|"Pantomime villain" Wolfgang Schauble, the German Finance Minister, with German Chancellor Angela Merkel|
A cheap title, I know. But how else to label this typically storied European drama? The Greek people voted for an anti-austerity government of the left in January, and European leaders have been grappling with this alien concept ever since. In secret, I imagine, they see it as the primest vulgarity. But of course nicety prevents them saying that. So how have European leaders chosen publicly to address their Greek "partners"?
Thus far the Syriza government in Greece has made every payment it promised. It has been honest about the fact that its upcoming June payments are simply unaffordable under current conditions. It has stated clearly its intention to put Greek salaries and pensions ahead of debt repayments. This is a fairly straightforward, practical commitment that Syriza leaders have made repeatedly. Little they have done has suggested uncertainty on this and other red-line issues. And indeed what creditor could reasonably expect otherwise?
Why, then, do magazines like the Economist so love to report Syriza's apparent flightiness and naivety. "They are living in cloud cuckoo land," one typically anonymous Brussells official lamented. Having damned them from the start, the Economist now relishes Syriza supposedly throwing their chance away. The stated problems are always inexperience and the supposed misplaced idealism of radicals: "A few years ago many of the men now in charge spent their time discussing the contradictions of capitalism over coffee and cigarettes. Few had ever run anything, let alone a government." This assumes experience of past Greek governments should somehow recommend you be allowed anywhere near a new one.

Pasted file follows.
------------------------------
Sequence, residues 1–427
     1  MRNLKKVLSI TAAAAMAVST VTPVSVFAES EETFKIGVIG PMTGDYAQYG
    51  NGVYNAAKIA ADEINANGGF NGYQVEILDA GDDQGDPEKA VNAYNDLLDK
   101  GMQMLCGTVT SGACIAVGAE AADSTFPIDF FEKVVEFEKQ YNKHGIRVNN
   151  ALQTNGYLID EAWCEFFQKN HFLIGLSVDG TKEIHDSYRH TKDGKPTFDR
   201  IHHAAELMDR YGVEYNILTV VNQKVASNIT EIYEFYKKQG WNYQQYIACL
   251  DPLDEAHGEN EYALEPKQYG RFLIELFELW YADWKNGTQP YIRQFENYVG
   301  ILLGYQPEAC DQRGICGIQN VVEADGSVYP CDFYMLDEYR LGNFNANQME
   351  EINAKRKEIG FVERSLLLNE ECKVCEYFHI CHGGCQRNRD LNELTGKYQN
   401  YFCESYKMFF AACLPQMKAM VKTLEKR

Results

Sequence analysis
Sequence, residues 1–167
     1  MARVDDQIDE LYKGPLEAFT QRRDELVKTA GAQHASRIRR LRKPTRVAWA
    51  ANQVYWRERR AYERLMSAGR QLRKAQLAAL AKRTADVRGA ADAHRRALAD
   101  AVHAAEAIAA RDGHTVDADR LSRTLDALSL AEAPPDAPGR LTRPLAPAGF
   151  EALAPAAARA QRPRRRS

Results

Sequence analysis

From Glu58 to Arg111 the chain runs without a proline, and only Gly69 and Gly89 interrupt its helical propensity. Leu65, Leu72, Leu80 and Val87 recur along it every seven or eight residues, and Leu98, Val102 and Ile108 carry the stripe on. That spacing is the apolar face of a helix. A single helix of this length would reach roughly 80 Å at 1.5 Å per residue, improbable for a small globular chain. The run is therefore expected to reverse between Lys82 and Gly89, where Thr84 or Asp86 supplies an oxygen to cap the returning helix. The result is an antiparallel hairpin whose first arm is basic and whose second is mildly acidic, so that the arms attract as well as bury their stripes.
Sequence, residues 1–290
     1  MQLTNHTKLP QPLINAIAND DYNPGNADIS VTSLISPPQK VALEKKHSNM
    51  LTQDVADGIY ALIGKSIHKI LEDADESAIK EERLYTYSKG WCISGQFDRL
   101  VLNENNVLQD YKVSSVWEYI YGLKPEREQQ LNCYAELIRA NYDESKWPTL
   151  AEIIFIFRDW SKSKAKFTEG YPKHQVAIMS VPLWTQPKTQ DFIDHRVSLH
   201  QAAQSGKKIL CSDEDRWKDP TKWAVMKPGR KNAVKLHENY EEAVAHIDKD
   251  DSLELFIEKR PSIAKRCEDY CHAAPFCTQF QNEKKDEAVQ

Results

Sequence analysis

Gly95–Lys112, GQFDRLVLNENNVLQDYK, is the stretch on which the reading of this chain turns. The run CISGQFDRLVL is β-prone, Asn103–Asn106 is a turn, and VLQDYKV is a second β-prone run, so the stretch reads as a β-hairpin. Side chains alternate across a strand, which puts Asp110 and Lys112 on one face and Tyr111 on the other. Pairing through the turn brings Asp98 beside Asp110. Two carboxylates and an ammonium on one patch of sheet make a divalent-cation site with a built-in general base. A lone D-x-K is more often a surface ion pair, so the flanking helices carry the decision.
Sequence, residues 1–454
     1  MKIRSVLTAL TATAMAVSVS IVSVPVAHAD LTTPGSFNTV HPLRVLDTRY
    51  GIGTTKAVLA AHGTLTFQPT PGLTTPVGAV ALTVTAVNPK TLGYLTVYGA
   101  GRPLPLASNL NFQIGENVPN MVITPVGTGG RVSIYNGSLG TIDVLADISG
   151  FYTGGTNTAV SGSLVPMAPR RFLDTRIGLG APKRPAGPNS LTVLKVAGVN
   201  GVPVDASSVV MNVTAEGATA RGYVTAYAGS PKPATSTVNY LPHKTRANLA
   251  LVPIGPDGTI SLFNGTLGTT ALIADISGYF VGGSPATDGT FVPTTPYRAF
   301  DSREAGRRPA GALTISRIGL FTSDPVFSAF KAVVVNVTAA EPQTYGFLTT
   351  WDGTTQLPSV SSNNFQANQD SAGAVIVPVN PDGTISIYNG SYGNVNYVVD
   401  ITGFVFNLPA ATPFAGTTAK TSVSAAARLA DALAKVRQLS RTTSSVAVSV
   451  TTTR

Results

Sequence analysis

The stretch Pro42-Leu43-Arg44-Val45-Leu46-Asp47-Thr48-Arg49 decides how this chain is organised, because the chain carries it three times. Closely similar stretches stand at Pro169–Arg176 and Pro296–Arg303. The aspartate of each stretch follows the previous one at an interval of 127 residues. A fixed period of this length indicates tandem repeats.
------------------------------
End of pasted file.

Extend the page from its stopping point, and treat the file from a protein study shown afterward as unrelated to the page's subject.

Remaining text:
European Central Bank head Mario Draghi - the humane face of the Troika - often pops up to remind us how unbearable the situation has become for Greece and how dangerous events are for the world economy. Draghi refuses to contemplate a Greek default, whilst reassuring us it is "up to Greek leaders to do as they want." Meanwhile, the world largely forgets it was his organisation that disabled the cash to finance Greek borrowing a few weeks after Syriza's election victory (leaving the state reliant on more expensive emergency liquidity). By what interpretive flourish can the central bank of a currency union opportunistically strangulating liquidity in its most troubled country be conceived as unbiased? And this at the very moment ECB liquidity became free to slosh around the rest of the deflationary eurozone in the form of much-belated quantitative easing. No such monetary laxity for Greece though: they were cut off from these funds, as they are forcibly cut off from markets by eurozone policy in general. The virtues, then, of a famously "rule-bound" system are somewhat undermined when those rules happen to be deeply unfair.